live in the boreal forest (see Table 4).

Table 4: Estimated Proportion of Canada's Landbirds that Breed in the Boreal Forest, by Family

2. b. Which species of landbirds rely most heavily on Canada’s boreal forest for breeding

Forty landbird species have an estimated 50% or more of their global population breeding in Canada’s

boreal forest (see Table 5), including 5 species with 90% or more of global population in the boreal.

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IMPORTANCE OF CANADA’S BOREAL FOREST TO LANDBIRDS

Table 5: Estimated Proportion of Species Populations Breeding in Canada's Boreal Forest

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IMPORTANCE OF CANADA’S BOREAL FOREST TO LANDBIRDS

Table 5: Estimated Proportion of Species Populations...(continued)

An additional six species are circumboreal in distribution, but most of their population in the western

hemisphere breeds in Canada’s boreal (Table 5). A further five species are reliant on the boreal forest for

most of their Canadian population.

2. c. What proportion of landbirds, and what number of landbirds, migrate from the

boreal and from Canada after the breeding season

Overall, boreal landbirds tend to be highly migratory. An estimated 93% of Canada’s boreal landbirds

migrate from the boreal after the breeding season (Table 6). Based on an average of two juveniles per

family surviving to migration age, an estimated 2.5 billion landbirds migrate from Canada’s boreal forest

in the fall. This number could be as high as five billion landbirds if BBC estimates were used. 1

1 The proportion of landbirds that are migratory has been calculated from the change in breeding range compared to wintering range for

each species, as well as the estimated proportion of the North American population that breeds in the boreal. The latter is based on Breeding

Bird Survey data because of comparable BBS data from the United States. The number of migrants is a simple multiplication of boreal

population size by proportion leaving the boreal. Numbers of migrants would be approximately 50-100% higher if based on Breeding Bird

Census data.

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IMPORTANCE OF CANADA’S BOREAL FOREST TO LANDBIRDS

Table 6: Number and Proportion of Landbirds Migrating from Canada's Boreal Forest

Several entire, or nearly entire, families of boreal landbirds leave the boreal for the winter (see Table 6).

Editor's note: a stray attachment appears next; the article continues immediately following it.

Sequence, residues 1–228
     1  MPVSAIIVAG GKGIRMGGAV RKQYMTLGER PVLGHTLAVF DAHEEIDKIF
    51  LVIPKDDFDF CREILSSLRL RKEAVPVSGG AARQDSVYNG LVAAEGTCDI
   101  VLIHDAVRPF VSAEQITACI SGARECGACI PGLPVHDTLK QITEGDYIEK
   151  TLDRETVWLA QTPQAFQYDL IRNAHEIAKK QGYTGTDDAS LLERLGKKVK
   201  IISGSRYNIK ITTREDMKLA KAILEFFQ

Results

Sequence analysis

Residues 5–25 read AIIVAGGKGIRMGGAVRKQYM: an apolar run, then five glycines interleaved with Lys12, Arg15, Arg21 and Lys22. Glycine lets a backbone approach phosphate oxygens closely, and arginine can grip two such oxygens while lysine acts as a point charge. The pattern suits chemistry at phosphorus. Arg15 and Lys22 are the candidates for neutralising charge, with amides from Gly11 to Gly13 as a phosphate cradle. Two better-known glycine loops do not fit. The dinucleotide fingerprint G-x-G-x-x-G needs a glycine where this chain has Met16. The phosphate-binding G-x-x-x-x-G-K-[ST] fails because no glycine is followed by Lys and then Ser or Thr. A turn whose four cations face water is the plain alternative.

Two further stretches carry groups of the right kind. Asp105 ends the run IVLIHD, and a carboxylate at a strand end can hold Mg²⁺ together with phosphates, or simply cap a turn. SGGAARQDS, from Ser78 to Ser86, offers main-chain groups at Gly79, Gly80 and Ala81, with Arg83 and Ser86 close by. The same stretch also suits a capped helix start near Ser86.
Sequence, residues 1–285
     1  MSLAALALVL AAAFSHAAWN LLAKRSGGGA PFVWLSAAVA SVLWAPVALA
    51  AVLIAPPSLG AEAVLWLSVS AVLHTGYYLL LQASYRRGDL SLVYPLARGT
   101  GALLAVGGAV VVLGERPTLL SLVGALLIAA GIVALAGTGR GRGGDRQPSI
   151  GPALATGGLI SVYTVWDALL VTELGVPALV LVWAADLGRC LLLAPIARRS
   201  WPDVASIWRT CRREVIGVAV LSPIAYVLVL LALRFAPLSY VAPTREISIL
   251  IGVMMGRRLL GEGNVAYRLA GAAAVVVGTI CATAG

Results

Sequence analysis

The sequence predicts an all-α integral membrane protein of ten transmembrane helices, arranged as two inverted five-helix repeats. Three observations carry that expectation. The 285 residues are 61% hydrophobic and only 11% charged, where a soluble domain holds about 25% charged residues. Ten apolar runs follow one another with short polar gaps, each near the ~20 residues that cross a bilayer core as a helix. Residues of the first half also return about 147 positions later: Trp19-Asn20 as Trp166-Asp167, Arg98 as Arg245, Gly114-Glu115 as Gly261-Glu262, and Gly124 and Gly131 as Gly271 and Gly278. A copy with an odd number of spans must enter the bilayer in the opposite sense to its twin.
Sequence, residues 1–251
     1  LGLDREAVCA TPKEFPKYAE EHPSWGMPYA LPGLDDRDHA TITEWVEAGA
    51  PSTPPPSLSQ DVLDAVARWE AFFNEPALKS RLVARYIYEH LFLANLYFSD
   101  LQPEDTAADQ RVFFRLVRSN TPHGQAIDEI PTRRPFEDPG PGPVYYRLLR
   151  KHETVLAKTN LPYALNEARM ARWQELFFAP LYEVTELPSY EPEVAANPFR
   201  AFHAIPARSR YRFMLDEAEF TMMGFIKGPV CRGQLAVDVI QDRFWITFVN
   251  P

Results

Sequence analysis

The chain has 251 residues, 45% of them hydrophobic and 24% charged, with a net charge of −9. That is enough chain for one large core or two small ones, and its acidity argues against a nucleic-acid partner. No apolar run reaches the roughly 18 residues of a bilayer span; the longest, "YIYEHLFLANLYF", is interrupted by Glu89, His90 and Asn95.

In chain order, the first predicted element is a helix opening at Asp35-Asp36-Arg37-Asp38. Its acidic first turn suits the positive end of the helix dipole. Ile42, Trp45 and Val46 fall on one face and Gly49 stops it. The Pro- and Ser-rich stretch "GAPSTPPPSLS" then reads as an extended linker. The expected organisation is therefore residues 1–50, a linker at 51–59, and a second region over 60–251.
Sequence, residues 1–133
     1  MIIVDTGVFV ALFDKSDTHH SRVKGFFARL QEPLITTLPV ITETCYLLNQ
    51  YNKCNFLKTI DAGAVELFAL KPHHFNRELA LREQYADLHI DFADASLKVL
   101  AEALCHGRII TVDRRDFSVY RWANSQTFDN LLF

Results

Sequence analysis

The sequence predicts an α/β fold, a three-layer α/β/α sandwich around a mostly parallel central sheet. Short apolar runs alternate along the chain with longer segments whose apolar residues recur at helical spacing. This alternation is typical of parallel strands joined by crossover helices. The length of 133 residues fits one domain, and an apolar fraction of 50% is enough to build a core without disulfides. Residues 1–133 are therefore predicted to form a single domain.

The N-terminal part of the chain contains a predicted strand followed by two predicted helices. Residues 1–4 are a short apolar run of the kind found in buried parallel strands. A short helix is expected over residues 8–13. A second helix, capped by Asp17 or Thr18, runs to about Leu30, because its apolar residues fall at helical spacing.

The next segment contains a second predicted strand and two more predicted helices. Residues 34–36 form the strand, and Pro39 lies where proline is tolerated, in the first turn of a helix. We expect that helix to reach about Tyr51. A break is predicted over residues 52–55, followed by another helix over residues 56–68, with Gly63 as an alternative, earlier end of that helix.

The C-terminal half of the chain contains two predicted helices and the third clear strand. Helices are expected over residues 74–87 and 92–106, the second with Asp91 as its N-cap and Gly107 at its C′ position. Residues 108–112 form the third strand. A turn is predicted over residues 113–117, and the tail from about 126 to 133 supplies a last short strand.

Among these species, the number of birds migrating from Canada’s boreal forest often represents a

substantial proportion of their global population. For example, the estimated one-half billion warblers

migrating from the boreal represents about one-half of the global population of those 27 warbler species.

Those families that largely remain in the boreal, including finches, woodpeckers, jays and chickadees,

tend to have smaller overall breeding numbers than many of the largely migratory families (Table 6).

Table 7 lists those boreal landbirds whose estimated migration numbers are highest. As in Table 3, most

of these species are sparrows or warblers.

Canadian boreal migrants comprise a substantial portion of the global population of many species. Table

8 shows that for 16 landbirds, boreal migrants comprise 70% or more of their global population.

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IMPORTANCE OF CANADA’S BOREAL FOREST TO LANDBIRDS

Table 7: Number and Proportion of Landbird Species Migrating from Canada's Boreal Forest

Table 8: Landbird species whose Boreal migrants are a very

high proportion of Global population

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IMPORTANCE OF CANADA’S BOREAL FOREST TO LANDBIRDS

2.d. Where do boreal migrants go when they leave Canada

The United States is home to an estimated one billion or more boreal migrants in winter (see Table 9).

Mexico, Brazil and Colombia also provide wintering grounds for substantial numbers of boreal birds. 2

Each are estimated to house more than 100 million of them in winter. And most other countries of the

Western Hemisphere are estimated to have an influx of boreal migrants that reaches or exceeds one

million birds. In comparison, relatively few boreal migrants remain in the non-boreal southern parts of

Canada.

Mexico is home to the highest concentration of wintering boreal species (see Table 9), followed by the

United States and several Central American countries. During the spring and fall migration seasons, the

United States is home to almost all of the boreal migrants.

Table 9: Estimated distribution of Canadian Boreal migrants on wintering grounds

Overlaying Environment Canada’s WildSpace winter range maps of boreal-breeding species, also illustrates

their patterns of winter distribution. According to these maps, the areas of highest species richness are found

across much of the United States, especially in the coastal and southern regions, and down through Mexico

and Central America (Figure 3a). The areas of highest boreal bird density are similar, though they shift slightly

2 A combination of winter range maps and knowledge of the numbers and proportions of birds that migrate out of Canada’s boreal forest

were used to arrive at these estimated numerical distributions.

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IMPORTANCE OF CANADA’S BOREAL FOREST TO LANDBIRDS

Figure 3

a) Species Richness b) Bird Density